Google's biggest search rival in China - homegrown market leader Baidu, is to develop a Linux-based smartphone to rival the Californian search giant's Android-based devices.
Chinese state-run news agency Xinhua today reported a deal between Baidu and developers Tencent and TekMobile to create an "Android-like operating system". Tencent is the company behind Asia's most popular instant messaging software, QQ.
According to reports in the Chinese media, the move is being led by former Google employees who were poached by Baidu after Google ended the self-censorship of its search results. Baidu has wooed Google China's former vice-president of engineering, and the technical director of the Google academy of engineering, to head the project.
Baidu CEO Robin Li has long harboured ambitions of getting a foothold the mobile market. Li revealed plans to launch a Linux-based mobile OS in an interview with the Wall Street Journal last year.
Blogging sites in China have suggested that the only way the deal could succeed is with state investment aimed at knocking Google's Android out of the market.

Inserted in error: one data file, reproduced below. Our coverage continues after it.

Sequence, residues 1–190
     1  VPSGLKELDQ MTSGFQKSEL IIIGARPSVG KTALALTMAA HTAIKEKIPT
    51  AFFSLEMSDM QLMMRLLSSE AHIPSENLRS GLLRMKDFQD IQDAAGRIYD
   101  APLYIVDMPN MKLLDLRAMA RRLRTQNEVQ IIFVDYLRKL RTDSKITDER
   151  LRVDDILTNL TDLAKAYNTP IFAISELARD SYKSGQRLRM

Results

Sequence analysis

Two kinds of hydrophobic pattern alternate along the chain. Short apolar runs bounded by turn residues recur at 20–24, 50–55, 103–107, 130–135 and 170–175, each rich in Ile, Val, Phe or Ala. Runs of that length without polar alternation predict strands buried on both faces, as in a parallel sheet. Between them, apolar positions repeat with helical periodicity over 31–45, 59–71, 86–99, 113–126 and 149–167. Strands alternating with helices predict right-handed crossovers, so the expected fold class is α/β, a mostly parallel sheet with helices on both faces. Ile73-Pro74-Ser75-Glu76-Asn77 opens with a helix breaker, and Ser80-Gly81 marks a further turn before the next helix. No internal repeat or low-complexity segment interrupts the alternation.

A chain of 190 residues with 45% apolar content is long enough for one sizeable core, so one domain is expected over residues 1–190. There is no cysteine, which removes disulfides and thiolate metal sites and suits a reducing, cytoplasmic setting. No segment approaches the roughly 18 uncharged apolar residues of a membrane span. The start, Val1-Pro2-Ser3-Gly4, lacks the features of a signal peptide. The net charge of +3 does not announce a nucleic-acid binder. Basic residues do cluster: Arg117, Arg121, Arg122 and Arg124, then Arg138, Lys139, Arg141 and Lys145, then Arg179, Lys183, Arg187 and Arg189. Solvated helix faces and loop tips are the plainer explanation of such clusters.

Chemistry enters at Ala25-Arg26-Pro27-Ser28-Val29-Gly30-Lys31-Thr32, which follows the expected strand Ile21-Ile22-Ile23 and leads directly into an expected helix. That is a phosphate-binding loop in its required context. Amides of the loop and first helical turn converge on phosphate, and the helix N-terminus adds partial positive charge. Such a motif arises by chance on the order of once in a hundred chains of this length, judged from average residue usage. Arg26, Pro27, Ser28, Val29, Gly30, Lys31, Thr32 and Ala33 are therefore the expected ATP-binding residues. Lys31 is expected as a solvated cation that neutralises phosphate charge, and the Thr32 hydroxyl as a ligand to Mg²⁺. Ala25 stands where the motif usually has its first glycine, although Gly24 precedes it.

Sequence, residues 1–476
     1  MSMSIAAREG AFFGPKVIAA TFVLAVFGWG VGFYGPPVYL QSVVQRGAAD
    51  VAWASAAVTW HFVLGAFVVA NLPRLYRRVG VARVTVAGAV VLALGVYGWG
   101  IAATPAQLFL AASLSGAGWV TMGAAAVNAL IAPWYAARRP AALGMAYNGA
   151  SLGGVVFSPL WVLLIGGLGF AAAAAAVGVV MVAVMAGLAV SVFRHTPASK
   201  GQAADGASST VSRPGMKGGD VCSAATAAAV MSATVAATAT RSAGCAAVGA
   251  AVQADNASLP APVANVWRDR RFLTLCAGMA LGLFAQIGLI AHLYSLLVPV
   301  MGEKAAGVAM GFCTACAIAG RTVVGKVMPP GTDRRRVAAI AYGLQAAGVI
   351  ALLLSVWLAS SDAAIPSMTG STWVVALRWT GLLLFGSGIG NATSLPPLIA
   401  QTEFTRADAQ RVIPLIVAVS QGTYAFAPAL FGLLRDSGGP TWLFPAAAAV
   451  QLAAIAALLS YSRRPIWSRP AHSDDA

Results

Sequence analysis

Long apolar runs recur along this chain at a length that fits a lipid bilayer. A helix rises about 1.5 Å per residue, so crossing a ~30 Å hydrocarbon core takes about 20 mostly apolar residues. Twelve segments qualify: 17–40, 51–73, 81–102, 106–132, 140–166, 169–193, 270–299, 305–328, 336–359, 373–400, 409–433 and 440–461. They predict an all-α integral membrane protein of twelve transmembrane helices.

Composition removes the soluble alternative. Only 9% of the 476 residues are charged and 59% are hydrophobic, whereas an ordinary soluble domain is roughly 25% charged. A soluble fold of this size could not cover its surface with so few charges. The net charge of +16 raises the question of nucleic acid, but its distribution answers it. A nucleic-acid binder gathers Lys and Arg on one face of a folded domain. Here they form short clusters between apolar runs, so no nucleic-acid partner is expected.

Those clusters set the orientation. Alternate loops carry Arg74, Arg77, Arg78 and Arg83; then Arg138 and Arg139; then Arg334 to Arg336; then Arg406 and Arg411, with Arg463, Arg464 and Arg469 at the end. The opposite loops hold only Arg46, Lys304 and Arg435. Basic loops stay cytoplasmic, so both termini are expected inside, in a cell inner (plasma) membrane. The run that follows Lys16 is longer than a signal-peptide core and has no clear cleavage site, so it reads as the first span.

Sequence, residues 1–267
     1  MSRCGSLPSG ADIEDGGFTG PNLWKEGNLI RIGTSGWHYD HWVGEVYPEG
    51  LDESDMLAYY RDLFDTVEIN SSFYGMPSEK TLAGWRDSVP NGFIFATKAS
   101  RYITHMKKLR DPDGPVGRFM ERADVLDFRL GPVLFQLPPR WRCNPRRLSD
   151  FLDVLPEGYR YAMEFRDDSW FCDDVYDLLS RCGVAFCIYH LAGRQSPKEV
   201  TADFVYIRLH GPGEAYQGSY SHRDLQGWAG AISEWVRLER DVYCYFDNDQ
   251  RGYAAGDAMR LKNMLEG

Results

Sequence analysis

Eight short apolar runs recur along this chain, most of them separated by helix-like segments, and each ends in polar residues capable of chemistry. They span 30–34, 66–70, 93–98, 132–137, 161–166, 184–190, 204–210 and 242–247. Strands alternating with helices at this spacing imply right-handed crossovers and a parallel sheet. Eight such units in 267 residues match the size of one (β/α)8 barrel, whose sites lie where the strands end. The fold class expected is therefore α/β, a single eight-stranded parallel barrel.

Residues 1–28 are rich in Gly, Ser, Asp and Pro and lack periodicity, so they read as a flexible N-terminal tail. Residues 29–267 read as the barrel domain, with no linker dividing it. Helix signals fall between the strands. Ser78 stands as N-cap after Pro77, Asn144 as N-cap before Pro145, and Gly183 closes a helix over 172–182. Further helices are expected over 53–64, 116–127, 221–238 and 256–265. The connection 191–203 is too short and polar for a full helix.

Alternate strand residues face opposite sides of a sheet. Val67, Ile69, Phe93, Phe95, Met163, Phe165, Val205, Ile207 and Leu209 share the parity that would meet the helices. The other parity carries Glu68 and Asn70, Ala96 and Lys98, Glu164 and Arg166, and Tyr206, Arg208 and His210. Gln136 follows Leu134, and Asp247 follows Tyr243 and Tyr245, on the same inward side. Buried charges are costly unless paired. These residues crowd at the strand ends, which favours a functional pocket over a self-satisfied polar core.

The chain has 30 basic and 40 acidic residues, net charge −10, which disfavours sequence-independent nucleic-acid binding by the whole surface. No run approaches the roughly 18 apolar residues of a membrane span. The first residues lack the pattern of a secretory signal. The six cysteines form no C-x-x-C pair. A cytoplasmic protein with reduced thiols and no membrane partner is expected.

Google's recent wrangles with China's Government over censorship have seen it falling further behind in the Chinese search market. Its market share has dropped from 32.8 per cent at the end of last year, and currently stands at 27.8 per cent.
Now the company will have to fight for its mobile OS business - and the rewards for the winner of the contest will be huge.
According to a Government statement yesterday, China's mobile phone market reached 800 million users by the end of June this year. The country is set to invest more than $17 billion in its 3G infrastructure this year.